It’s a commonly asked question: should you use a gaming monitor vs TV to play your favorite titles? With a variety of platforms and hardware to play on these days, it’s an old question worth rexamining.
The answer? It depends. If you’re a competitive gamer looking for the best performance, you’ll need a display capable of keeping up with fast-paced action. But if you’re a gamer seeking total immersion, the big screen is where it’s at.
This article takes you through the two types of displays — monitors and TVs — and offers a look at when to use each option. Let’s jump right in.
Gaming Monitor vs TV: Comparison Table
Short on time? Check out this comparison chart for help choosing between a gaming monitor or TV.
✓ DisplayPort & VRR technology
✓ High pixel density for vivid imagery
✓ Lightning-fast response times
✗ Smaller screens
✗ Not suitable for entertainment systems
PC & Competitive Gaming
✓ Larger screens
✓ Stunning resolutions, colors, & contrast
✓ Doubles as an entertainment center
✗ Slow response times & low refresh rates
✗ Lack of game-enhancing software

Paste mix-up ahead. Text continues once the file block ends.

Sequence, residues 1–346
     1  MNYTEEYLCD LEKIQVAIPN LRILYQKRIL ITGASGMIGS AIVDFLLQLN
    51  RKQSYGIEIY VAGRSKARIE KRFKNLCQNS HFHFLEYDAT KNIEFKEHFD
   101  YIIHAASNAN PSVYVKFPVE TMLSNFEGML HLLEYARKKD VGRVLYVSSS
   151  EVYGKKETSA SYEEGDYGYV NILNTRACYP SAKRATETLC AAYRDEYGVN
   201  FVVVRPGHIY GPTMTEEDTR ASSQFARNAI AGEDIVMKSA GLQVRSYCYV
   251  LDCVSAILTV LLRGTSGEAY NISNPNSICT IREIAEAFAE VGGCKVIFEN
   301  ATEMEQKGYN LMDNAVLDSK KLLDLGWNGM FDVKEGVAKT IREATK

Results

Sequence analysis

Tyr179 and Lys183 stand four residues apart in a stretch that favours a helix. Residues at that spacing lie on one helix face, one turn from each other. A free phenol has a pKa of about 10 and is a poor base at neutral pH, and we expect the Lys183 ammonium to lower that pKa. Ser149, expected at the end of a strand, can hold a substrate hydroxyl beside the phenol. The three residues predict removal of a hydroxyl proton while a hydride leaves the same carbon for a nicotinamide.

Console & Casual Gaming
Gaming Monitor vs TV: Behind the Screens
Whether you’re gaming on a monitor vs TV, both share a standard set of features.
The most prominent? They both act as a type of display device, aka a visual representation of electronic information.
But depending on your specific needs, each one excels in a different area. We’ve chosen five of these areas and laid out the main differences in the sections below. Take a look, and you’re sure to find the best display for your situation.
When it comes to display size between TV vs gaming monitors, TV generally wins out. That’s because televisions are optimized for watching shows and movies from a distance. In these settings, display sizes ranging from 40″ upwards is perfect. In this case, bigger is usually better.
Computer monitors, on the other hand, are typically viewed up close and personal. In these situations, a 20” to 30” monitor is ideal.
Determining whether gaming monitors vs TVs boast better resolution is tricky, because you can find a range of options on both sides.
The most common resolutions found in today’s TVs and monitors are as follows:
- 1080p or HD resolution: 1920 x 1080 pixels in 16:9 aspect ratio.
- 1440p or 2K resolution: 2,560 x 1,440 pixels in 16:9 aspect ratio.
- 2160p or 4K resolution: 3840 × 2160 pixels in 16:9 aspect ratio.
- 4320p or 8K resolution: 4680 × 4320 pixels in 16:9 aspect ratio.
Most gaming monitors fall in the 1080p or 1440p resolution range. That’s because these resolutions offer an exceptional balance of quality and detail when viewed up close, as well as smooth overall performance.